In this scenario, the (r-)UK does leave the EEA and the Customs Union, but manages to negotiate a really good trade deal. There will be some restrictions on the free movement of people, and there will be customs checks at the borders. The (r-)UK will make separate trade deals with the countries of the world (but because the EU is a much bigger trade block, these deals will typically the worse than the one they replace).

Would Scottish independence be good or bad for different types of businesses in this scenario?

  • Exporters to the rUK: Independence won’t make much of a difference with regard to trade, but the customs checks will make it a bit of a hassle, so some of these companies will relocate to the rUK.
  • Exporters to the EU: Independence is much better because of the lack of customs checks, and because companies can send key personal back and forwards between Scotland and the rest of the EU freely.
  • Exporters to the rest of the World: Independence is preferable, because the EU’s trade deals will be better.
  • Other businesses: My guess is that more companies will move from the rUK to Scotland to remain within the EU than the other way, so it’s likely the overall effect will be positive. It’s really an unknown at this stage, though.

Verdict: Mixed, with independence being better for some companies and worse for others. On average, I think independence will be somewhat better for the Scottish economy.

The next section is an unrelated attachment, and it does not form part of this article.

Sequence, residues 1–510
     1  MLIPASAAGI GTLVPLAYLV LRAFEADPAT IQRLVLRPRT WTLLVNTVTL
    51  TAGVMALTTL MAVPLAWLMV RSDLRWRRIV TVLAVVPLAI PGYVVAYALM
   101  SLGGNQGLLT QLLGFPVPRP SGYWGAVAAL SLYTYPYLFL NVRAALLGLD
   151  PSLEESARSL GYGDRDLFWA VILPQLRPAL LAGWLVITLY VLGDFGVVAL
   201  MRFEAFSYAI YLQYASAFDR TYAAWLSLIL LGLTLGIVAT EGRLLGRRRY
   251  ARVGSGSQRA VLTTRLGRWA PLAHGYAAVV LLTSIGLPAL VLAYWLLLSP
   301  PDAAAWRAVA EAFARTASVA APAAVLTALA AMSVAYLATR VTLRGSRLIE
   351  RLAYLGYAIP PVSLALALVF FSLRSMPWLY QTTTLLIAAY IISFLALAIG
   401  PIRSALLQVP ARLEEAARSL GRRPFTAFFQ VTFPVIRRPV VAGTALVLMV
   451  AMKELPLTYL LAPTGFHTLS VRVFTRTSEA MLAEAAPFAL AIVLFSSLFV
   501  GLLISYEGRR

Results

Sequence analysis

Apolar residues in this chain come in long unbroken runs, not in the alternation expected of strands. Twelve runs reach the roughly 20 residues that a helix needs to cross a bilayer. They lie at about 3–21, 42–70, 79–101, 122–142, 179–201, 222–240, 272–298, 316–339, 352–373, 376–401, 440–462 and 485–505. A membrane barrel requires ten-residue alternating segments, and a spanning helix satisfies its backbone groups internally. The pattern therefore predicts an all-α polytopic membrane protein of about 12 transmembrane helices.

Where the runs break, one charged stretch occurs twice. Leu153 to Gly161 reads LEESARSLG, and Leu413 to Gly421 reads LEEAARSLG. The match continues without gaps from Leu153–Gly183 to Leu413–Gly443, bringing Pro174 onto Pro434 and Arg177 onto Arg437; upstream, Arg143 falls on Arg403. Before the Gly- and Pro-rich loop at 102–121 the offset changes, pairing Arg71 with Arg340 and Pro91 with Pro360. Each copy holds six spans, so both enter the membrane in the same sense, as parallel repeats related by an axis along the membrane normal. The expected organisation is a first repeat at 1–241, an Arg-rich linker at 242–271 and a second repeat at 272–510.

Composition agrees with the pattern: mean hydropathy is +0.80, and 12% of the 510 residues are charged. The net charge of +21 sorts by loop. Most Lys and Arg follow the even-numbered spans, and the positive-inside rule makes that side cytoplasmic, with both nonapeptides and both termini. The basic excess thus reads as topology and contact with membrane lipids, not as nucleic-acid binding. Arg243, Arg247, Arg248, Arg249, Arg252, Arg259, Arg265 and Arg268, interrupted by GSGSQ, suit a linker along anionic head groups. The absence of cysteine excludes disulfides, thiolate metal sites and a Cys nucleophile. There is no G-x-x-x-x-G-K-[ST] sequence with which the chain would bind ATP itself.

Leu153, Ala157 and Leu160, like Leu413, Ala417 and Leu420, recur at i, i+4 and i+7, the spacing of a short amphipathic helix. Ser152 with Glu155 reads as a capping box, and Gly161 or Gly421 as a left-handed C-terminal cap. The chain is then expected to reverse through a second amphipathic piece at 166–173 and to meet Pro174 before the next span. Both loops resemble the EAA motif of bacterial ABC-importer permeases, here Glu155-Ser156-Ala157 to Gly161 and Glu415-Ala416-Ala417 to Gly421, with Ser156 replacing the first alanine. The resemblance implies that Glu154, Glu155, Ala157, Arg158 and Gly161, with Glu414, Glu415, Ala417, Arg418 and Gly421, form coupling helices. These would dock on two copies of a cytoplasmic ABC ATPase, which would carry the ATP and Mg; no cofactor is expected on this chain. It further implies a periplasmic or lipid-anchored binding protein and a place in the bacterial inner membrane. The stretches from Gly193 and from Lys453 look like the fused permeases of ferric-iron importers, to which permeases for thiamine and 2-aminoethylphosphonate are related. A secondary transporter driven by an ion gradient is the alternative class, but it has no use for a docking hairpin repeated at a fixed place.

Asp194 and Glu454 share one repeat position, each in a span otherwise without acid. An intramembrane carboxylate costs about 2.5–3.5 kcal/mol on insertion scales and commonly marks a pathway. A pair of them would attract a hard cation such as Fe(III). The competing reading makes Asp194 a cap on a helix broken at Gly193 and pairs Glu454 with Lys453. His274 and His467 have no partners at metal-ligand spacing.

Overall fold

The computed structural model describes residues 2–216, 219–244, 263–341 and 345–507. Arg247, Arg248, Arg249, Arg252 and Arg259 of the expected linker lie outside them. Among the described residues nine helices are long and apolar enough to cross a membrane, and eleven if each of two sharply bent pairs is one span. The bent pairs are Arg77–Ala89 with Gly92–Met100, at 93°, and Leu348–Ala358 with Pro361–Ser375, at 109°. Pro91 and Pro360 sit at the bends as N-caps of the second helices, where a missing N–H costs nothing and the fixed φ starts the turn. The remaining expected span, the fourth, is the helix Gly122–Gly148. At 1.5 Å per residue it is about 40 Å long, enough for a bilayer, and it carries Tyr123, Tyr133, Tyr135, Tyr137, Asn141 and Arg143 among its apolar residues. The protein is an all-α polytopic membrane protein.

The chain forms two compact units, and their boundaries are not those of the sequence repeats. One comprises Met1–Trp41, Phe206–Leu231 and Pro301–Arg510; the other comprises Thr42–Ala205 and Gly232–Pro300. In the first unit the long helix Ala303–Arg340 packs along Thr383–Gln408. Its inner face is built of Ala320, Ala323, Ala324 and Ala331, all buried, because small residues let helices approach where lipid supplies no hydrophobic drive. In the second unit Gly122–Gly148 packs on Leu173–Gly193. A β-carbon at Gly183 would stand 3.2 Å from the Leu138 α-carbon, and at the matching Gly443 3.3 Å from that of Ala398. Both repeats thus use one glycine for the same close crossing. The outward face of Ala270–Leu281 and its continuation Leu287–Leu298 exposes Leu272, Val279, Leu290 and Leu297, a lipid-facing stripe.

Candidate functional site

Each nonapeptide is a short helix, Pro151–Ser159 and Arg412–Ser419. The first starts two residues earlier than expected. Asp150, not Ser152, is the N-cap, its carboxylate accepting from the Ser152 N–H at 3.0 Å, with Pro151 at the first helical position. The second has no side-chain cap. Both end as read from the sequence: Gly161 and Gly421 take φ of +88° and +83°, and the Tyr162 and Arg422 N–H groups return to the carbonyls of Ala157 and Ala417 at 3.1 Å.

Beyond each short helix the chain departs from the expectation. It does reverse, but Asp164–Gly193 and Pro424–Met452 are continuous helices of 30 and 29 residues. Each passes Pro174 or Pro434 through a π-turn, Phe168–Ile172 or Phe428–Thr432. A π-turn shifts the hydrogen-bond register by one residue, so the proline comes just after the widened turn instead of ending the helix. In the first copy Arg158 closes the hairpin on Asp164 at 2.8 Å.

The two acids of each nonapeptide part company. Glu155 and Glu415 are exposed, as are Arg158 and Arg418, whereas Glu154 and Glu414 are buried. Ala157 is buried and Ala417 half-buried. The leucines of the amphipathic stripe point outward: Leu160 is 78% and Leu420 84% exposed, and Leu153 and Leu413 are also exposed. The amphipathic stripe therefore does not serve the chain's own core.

The (r-)UK gets a limited trade deal

This scenario is of course rather vague – a limited trade deal would necessarily prioritise some products or sectors over others, and there are infinite possibilities. What is certain, however, is that it will be somewhere between the preceding scenario and the following one. This scenario is likely to be accompanied by a recession (but a smaller one than in the next scenario).

Would Scottish independence be good or bad for different types of businesses in this scenario?

  • Exporters to the rUK: If Scotland is independent, some companies will not feel much of a difference, while others will struggle badly, depending on whether they’re included in the trade deal. If Scotland remains within the UK, things won’t change much at first for these companies, but any supply chains depending on EU links could break, and the general recession is likely to affect them.
  • Exporters to the EU: If Scotland is independent, nothing will change (and companies from the rUK will move to Scotland to remain within the EU). Without independence, some sectors will struggle while others are OK, but worse than they would have been.